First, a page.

ACLU Reveals CIA Tested Anxiety Drug as 9/11 Interrogation Tool

WASHINGTON (CN) – In its efforts to gain enemy intelligence from terror suspects, the CIA spent a few months after 9/11 experimenting on its prisoners by testing a drug it hoped would work like truth serum.

Though the CIA’s harsh interrogation program folded amid public scandal in 2007, the American Civil Liberties Union has spent the last two years pursuing access to top-secret government reports from the time. On Tuesday, the organization released a 90-page report which sheds light on how the agency’s doctors, psychologists, and nurses, contributed to the interrogation of terror suspects.

The report details the program known as Project Medication. Spearheaded by the CIA’s Office of Medical Services, the program tasked doctors with conducting tests on humans to determine if a sedative medication called Versed – commercially prescribed for anxiety issues – would make suspects talk during interrogations. The report identifies Versed as “one of the safest and most easily reversed” drugs, and notes that it sometimes causes amnesia as well.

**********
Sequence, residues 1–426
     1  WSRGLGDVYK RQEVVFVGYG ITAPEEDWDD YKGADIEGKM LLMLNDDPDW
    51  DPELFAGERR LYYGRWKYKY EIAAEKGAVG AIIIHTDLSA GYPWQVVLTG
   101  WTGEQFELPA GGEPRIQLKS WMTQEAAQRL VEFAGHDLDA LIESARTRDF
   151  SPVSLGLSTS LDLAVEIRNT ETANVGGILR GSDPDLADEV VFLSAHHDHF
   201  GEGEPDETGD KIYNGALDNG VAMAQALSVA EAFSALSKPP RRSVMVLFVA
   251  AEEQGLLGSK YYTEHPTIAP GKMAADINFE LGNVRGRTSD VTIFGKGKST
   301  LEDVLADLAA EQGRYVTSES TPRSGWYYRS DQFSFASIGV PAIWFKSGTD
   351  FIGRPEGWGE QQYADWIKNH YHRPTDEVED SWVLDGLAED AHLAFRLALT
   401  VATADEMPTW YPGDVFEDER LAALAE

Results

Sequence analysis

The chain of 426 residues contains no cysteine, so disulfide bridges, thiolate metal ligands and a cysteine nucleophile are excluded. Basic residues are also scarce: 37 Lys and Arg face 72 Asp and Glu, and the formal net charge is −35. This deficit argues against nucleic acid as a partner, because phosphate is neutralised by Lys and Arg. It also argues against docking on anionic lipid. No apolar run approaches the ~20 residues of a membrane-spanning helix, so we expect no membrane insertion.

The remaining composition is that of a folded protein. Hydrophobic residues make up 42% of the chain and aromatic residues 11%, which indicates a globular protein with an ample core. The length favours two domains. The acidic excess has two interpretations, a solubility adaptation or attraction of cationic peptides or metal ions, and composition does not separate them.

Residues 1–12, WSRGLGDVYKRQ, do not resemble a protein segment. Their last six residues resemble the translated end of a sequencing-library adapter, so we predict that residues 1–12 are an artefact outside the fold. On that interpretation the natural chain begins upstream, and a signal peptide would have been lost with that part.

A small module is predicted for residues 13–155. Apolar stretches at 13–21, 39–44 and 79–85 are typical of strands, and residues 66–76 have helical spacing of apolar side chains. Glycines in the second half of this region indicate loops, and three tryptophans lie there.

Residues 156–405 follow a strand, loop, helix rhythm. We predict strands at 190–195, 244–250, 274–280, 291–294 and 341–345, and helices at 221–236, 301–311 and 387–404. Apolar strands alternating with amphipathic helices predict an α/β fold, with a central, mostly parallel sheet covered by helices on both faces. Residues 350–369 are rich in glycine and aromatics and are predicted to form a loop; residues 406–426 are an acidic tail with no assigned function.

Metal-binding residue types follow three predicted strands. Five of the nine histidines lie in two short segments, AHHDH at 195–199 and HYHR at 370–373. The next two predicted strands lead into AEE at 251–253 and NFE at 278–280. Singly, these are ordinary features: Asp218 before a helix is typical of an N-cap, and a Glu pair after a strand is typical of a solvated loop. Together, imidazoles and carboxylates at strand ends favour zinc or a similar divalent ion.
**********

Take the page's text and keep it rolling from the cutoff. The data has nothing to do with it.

Prior to Project Medication’s kickoff, the report says, CIA researchers studied records of Soviet drug experiments as well as the highly controversial and discredited MK-Ultra program, also known as the CIA mind control program in the 1950s and 1960s, which researched drugs to weaken prisoners and force confessions.

After conducting the research in Versed, however, the CIA chose not to ask the Justice Department to adopt drug-fueled interrogations as an official method. The CIA “did not want to raise another issue with the Department of Justice,” the report said, after gaining its approval to use sleep deprivation, small-space confinement and waterboarding techniques.

Project Medication was shelved in 2003, the report states.

“There were at least two legal obstacles: a prohibition against medical experimentation on prisoners and a ban on interrogational use of ‘mind-altering drugs’ or those which ‘profoundly altered the senses,’” the report says.

ACLU staff attorney Dror Ladin said in a blog post Tuesday that CIA torture left a legacy of broken bodies and traumatized minds. He wrote that learning about post-9/11 interrogation techniques has become particularly important since President Donald Trump has expressed interest making waterboard interrogations for terror suspects legal once again.

“Today, with a president who has vocally supported torture and a new CIA director who was deeply complicit in torturing prisoners, it’s more important than ever to expose the crimes of the past,” Ladin said. “Recognizing the roles played by the lawyers, doctors, and psychologists who enabled torture is critical to making sure it never happens again.”

The CIA did not immediately respond to an email requesting comment.

 

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